The Association of Pallet Networks (APN) said new figures for the first six months of 2020 show the UK pallet network sector was “far less affected in terms of volume than the early experience of European counterparts indicated”.
The first two quarters of 2020 saw pressure on pallet volumes, with a 10% drop in next day deliveries compared to the same period the previous year. This reduction began early in the year, possibly caused by the uncertainty of the Brexit situation, but was then exacerbated by lockdown.
However, as businesses across Europe and the UK started to reopen, the sector rallied with June being the fourth ranked month ever in terms of total pallets. The UK pallet network sector moved a record 2.46m pallets during the month.
“Within hours of the lockdown coming into effect across the UK, our members demonstrated their ability to provide high-quality logistics solutions to sectors as diverse as food, medical supplies and technology,” said APN chair Paul Sanders.
“We were united in our desire to provide sector leadership, protecting our employees and doing our utmost to provide essential services to the UK economy.”
The APN has a membership of eight pallet networks in the UK: Palletways, Fortec, Palletline, United Pallet Network, Pallet-Track, Pall-Ex, Palletforce and The Pallet Network. This in turn represents a total of 650+ hauliers, almost 30,000 vehicles and over 13m sq ft of warehouse space.
Overall, Sanders said volumes for the first half of 2020 were 6.5% lower than the same period in 2019, and the pallets shipped through Economy services rose by 1.9%.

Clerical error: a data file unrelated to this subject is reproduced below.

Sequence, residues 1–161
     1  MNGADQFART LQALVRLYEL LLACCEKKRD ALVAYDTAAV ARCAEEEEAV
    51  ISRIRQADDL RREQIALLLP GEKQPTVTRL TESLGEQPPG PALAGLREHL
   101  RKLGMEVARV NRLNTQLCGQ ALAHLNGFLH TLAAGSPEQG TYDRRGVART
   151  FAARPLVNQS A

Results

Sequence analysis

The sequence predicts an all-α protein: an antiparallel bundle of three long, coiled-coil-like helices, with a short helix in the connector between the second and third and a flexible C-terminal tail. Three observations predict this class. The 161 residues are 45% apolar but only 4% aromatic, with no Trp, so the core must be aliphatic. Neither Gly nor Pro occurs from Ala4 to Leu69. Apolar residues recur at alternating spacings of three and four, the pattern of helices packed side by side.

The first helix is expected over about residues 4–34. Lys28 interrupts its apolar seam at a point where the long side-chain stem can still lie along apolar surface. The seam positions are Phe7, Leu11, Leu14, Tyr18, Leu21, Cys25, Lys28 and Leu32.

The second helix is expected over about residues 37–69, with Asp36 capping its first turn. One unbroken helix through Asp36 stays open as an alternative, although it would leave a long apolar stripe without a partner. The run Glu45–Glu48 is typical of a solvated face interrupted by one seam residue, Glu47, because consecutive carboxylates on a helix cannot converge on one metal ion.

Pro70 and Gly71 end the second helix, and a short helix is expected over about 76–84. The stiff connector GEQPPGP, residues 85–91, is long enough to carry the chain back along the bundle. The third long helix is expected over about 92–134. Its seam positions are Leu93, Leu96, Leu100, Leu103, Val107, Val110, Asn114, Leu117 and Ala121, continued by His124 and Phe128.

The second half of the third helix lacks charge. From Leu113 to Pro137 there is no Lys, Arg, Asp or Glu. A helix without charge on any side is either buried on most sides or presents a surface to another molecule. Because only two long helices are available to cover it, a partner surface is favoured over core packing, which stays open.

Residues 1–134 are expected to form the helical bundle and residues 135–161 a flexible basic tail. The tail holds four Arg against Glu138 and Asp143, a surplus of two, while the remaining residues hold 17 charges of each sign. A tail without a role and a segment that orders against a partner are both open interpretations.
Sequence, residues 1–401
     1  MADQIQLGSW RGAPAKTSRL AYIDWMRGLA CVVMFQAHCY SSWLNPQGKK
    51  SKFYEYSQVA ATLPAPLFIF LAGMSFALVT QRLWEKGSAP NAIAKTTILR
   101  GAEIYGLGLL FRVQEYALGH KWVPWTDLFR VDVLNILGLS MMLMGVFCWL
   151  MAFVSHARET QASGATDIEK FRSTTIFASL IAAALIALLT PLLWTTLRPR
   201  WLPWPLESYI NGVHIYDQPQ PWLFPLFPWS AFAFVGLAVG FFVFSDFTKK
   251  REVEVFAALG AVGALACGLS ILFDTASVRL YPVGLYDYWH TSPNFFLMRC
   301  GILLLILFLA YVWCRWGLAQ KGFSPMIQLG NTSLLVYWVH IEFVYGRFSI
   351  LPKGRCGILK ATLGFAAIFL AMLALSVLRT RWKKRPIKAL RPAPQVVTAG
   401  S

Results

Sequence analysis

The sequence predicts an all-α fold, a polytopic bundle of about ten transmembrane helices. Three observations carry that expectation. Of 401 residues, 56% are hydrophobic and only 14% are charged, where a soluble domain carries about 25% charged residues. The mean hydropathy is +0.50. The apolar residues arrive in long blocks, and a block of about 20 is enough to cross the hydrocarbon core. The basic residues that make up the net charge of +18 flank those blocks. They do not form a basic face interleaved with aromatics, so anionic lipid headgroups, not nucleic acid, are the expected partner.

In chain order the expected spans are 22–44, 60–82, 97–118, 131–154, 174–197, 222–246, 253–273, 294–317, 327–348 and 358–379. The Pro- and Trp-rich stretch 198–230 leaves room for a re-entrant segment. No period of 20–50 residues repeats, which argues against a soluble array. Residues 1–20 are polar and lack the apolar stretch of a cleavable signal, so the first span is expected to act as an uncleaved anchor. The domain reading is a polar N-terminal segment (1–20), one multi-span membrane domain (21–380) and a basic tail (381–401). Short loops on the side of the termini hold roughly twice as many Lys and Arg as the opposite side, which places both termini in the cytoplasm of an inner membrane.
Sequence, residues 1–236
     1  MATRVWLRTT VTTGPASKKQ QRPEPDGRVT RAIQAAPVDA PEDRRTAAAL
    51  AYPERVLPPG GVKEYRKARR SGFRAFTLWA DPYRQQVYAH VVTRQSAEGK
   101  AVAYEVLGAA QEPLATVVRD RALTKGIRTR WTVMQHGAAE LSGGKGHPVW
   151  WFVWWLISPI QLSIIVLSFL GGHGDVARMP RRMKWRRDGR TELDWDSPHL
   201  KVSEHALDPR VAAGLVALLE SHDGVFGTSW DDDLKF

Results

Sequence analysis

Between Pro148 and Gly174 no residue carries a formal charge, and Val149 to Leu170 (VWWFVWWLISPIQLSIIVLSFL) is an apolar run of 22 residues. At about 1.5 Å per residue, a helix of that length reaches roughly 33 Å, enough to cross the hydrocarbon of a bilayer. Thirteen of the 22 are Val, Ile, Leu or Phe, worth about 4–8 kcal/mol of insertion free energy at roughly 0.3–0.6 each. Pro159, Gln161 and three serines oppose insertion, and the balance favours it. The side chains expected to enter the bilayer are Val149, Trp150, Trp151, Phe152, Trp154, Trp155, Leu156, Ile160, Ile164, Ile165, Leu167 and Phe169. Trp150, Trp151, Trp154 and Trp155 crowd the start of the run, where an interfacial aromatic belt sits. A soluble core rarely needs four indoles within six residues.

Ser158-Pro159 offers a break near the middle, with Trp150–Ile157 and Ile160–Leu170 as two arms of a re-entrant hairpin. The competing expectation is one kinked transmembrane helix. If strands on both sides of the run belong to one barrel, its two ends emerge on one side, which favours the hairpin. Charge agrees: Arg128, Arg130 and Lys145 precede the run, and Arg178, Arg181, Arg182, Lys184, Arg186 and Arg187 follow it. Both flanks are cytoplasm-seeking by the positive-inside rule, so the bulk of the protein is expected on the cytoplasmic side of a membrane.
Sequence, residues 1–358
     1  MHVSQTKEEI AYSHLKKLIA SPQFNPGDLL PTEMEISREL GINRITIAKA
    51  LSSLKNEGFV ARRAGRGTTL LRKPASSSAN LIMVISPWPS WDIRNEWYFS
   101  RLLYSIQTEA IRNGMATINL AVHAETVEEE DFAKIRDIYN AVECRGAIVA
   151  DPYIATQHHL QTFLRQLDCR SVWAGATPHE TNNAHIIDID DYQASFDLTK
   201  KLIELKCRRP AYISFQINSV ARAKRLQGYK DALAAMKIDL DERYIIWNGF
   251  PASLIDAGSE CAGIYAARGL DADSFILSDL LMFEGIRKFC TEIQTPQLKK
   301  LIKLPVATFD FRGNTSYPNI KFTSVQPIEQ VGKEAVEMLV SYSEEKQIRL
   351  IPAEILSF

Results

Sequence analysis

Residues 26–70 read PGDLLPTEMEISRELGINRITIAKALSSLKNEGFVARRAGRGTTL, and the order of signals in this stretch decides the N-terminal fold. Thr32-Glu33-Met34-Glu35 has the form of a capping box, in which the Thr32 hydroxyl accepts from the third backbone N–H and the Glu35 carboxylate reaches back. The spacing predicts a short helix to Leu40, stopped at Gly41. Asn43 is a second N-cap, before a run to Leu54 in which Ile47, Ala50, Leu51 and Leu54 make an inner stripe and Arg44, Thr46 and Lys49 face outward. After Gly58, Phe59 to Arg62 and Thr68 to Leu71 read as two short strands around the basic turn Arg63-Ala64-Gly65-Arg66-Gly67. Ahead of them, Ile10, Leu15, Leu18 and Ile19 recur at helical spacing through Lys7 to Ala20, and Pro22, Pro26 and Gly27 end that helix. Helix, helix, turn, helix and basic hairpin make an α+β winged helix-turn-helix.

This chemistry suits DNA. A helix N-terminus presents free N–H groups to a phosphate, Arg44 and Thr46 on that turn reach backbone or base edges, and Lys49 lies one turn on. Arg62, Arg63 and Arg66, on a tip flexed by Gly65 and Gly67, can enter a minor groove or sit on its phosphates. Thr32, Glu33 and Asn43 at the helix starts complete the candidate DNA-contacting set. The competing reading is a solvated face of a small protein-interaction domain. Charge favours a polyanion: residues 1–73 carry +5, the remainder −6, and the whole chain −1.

He put this resilience down to the maturity of the UK pallet network sector, explaining that as order volumes dropped many customers switched from dedicated full loads to pallet network services, as a more efficient and economic model.
The APN also confimred that home delivery was “a big winner” during lockdown as customers looked to e-commerce options to bring goods to their homes, not least for DIY and landscaping projects.
“28% of all deliveries made in April 2020 were to residential addresses, compared to an average of 13.1% in 2019,” Sanders revealed. “This is a massive increase and B2C deliveries can be very challenging for networks.
“However, the networks have refined their home delivery services in recent years and responded well, offering contactless deliveries to protect customers and staff alike.”
He said it was likely that large movements of turf and aggregates to residential addresses contributed to the slight upward shift in average pallet weights, which stands at 384kg for the first six months of 2020.
“Our network members are cautiously optimistic for the remainder of the year,” Sanders concluded, “although, of course, there is great economic uncertainty. However, using a pallet network remains the most cost-effective and efficient way to deliver small quantities of pallets so many businesses who have previously used dedicated services may well respond to potential drops in their order book by using networks instead.
“We have worked very closely with other industry bodies, including the RHA, to ensure government has been briefed on the financial and operational support the sector needs to carry out its essential work. We continue to actively liaise across the sector to ensure a potential second wave can be handled with the same level of efficiency and professionalism.”
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The Association of Pallet Networks (APN) said new figures for the first six months of 2020 show the UK pallet network sector was “far less affected in terms of volume than the early experience of European counterparts indicated”. The first two quarters of 2020 saw pressure on pallet volumes, with a 10% drop in next day deliveries compared to the same period the previous year. This reduction began early in the year, possibly caused by the uncertainty of the Brexit […]
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